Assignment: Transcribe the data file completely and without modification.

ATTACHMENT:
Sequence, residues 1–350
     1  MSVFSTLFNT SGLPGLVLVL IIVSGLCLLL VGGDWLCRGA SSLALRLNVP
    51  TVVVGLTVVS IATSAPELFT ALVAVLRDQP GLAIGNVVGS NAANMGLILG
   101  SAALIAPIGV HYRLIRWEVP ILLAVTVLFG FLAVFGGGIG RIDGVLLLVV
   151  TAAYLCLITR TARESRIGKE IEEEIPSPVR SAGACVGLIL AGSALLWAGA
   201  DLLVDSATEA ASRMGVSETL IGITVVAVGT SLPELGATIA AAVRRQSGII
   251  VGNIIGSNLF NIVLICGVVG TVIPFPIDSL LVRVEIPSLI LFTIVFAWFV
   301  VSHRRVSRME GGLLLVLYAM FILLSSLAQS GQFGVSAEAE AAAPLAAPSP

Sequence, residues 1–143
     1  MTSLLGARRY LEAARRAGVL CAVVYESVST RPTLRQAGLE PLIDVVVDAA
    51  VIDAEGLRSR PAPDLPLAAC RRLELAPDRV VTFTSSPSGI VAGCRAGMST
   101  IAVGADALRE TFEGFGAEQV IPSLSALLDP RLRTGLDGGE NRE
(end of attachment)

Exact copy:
Sequence, residues 1–350
     1  MSVFSTLFNT SGLPGLVLVL IIVSGLCLLL VGGDWLCRGA SSLALRLNVP
    51  TVVVGLTVVS IATSAPELFT ALVAVLRDQP GLAIGNVVGS NAANMGLILG
   101  SAALIAPIGV HYRLIRWEVP ILLAVTVLFG FLAVFGGGIG RIDGVLLLVV
   151  TAAYLCLITR TARESRIGKE IEEEIPSPVR SAGACVGLIL AGSALLWAGA
   201  DLLVDSATEA ASRMGVSETL IGITVVAVGT SLPELGATIA AAVRRQSGII
   251  VGNIIGSNLF NIVLICGVVG TVIPFPIDSL LVRVEIPSLI LFTIVFAWFV
   301  VSHRRVSRME GGLLLVLYAM FILLSSLAQS GQFGVSAEAE AAAPLAAPSP

Sequence, residues 1–143
     1  MTSLLGARRY LEAARRAGVL CAVVYESVST RPTLRQAGLE PLIDVVVDAA
    51  VIDAEGLRSR PAPDLPLAAC RRLELAPDRV VTFTSSPSGI VAGCRAGMST
   101  IAVGADALRE TFEGFGAEQV IPSLSALLDP RLRTGLDGGE NRE